Author Archives: Maiko Nakagaki

Celebrating Young Civil Society Leaders from Around the Globe


On January 24 at the U.S. Department of State, CIPE, Atlas Corps, and the Office of the U.S. Special Envoy for Sudan and South Sudan co-hosted a welcome event for the new class of Atlas Corps Fellows including five participants of the CIPE-Atlas Corps Think Tank LINKS Fellowship.

As mentioned in a previous post, this year’s Think Tank LINKS fellows represent various regions around the world and either come from leading think tanks back in their home countries or will be serving at top-tier organizations in Washington, DC.


Introducing the Second Class of Think Tank LINKS Fellows


CIPE and Atlas Corps are welcoming our second class of the Think Tank LINKS Fellows! Five young researchers from around the world have come together in Washington, DC to participate in a six month leadership development program. The fellows will shadow researchers and experts at leading Washington, DC-based think tanks to learn best practices of successful U.S. think tanks while conducting research on issues of democratic or economic reform.

We’re excited to introduce our newest class of Think Tank LINKS Fellows to everyone!


Decentralization for Better Public Services in Lebanon


The executive director of  Lebanese Center for Policy Studies (LCPS), Sami Atallah, was recently on MTV, a Lebanese independent media channel, to discuss the importance of decentralization and local governance. During the interview, Atallah argued that instead of relying on the central government, the public should advocate for and expect their local municipalities to deliver goods and services.  CIPE is supporting LCPS to help achieve this objective, including strengthening the internal grant transfer system in Lebanon.

Watch Atallah’s interview (in Arabic) from 29:40 onward.

The Future of the Anti-Corruption Movement

speak up corruption

“Corruption was a taboo word in 1996. My advisors were worried about using the c-word in my speech.”

Nearly 20 years have passed since the former World Bank President, James Wolfensohn, gave his groundbreaking speech on the “cancer of corruption” at the World Bank’s 1996 Annual Meetings. And the anti-corruption movement has come a long way.

At the World Bank’s discussion Speak Up Against Corruption, which featured Wolfensohn; Dr. Jim Kim, World Bank Group President; Paul Volcker, Former Chairman of the Federal Reserve; Cesar Purisima, Secretary Finance of the Philippines; and Haguette Labelle, Chair of Transparency International, the panelists reflected on how much work there remains to fight corruption at the international and local levels.


Donate Today for CIPE!

Giving-TuesdayToday is #GivingTuesday!! Join the global movement today by supporting CIPE’s youth initiatives – the ChamberL.I.N.K.S. program and the Think Tank LINKS Fellowship! By investing, you are developing young people’s skills to become future champions of change!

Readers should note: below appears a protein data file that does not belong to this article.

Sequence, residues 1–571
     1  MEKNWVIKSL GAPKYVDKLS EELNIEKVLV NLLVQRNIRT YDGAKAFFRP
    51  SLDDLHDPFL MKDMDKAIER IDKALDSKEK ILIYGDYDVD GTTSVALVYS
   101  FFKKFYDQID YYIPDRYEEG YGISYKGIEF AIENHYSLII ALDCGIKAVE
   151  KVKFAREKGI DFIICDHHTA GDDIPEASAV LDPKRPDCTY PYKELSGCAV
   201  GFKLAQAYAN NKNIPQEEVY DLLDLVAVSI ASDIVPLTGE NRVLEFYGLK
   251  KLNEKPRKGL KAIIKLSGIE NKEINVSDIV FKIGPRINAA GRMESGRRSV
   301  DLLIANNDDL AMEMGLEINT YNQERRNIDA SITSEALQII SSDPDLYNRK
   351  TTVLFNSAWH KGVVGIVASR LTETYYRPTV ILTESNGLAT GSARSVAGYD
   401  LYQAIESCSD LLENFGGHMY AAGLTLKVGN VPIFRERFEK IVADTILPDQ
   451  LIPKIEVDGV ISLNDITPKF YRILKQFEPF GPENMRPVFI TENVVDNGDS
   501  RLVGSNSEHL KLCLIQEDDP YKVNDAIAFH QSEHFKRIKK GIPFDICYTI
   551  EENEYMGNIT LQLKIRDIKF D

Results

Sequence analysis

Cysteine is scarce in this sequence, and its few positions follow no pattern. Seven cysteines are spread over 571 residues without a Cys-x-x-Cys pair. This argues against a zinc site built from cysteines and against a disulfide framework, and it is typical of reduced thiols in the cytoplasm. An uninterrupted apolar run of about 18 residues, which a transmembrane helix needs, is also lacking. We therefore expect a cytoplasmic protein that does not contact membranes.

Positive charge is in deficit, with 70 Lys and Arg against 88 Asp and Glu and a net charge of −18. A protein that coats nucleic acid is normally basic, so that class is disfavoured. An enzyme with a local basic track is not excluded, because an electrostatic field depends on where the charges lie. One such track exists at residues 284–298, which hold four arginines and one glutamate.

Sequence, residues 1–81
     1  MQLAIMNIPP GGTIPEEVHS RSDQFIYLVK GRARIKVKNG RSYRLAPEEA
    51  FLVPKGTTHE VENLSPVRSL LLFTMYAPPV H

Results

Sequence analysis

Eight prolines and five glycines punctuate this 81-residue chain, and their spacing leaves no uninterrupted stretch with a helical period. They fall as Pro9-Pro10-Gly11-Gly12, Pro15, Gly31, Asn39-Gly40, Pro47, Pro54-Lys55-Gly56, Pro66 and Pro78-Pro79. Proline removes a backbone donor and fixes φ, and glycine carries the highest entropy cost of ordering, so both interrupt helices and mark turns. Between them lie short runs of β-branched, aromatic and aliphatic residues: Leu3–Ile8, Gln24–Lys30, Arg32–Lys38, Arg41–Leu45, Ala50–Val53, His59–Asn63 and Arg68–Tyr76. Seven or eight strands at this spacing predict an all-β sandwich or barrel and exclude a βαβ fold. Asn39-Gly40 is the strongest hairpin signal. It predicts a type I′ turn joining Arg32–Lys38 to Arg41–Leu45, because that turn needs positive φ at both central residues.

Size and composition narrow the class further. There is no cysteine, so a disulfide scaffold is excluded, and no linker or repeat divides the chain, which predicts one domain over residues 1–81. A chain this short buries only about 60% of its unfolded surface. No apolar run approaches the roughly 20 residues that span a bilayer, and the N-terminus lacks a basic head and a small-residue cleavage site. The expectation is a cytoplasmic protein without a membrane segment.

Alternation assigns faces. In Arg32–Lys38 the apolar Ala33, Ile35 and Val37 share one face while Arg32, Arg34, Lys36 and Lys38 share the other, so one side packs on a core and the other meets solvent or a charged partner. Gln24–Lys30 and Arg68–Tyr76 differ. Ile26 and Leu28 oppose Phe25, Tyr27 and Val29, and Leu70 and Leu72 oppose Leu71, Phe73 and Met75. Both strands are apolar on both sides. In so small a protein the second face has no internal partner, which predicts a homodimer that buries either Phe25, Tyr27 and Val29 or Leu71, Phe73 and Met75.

Watch videos for both programs and learn more about how to support here:


Support CIPE on #GivingTuesday!


What will you be doing next Tuesday?

CIPE is partnering with #GivingTuesday  to celebrate a day of philanthropy on December 3.

After enjoying some delicious food on Thanksgiving, and shopping on Black Friday and Cyber Monday, why not join a global movement to give back to the community?

On Tuesday December 3rd, join the movement by supporting CIPE’s efforts to develop young leaders from around the world. Through our ChamberL.I.N.K.S.  program and the Think Tank LINKS Fellowship, CIPE empowers youth to become active leaders in civil society and work toward meaningful change in their communities.

Watch videos for both programs and learn more about how to support here:

Your donation (whether that’s $20 or $100) will help make a difference! By investing, you are developing young people’s skills to become future champions of change!


CIPE’s Blog Competition – Only Two Weeks Left

Attention Bloggers: there’s only two weeks left to participate in CIPE’s Blog Competition!

CIPE is inviting friends and partners to share blog posts about how democratic and economic reforms play a role in international development.

Both seasoned and new bloggers are welcomed to submit an entry of less than 750 words concerning the following topics as they relate to developing nations:

  1. How can social media empower citizens to participate in a democratic dialogue on constructive reforms?
  2. What experiences from other countries can guide the role of youth in your country’s democratic and economic development?
  3. What story or personal experience can you share to illustrate the need and possible solutions for democratic and economic reforms in your country?

Read more details about how to submit your entry.

Share us your blogs! The deadline is Monday December 2, 2013.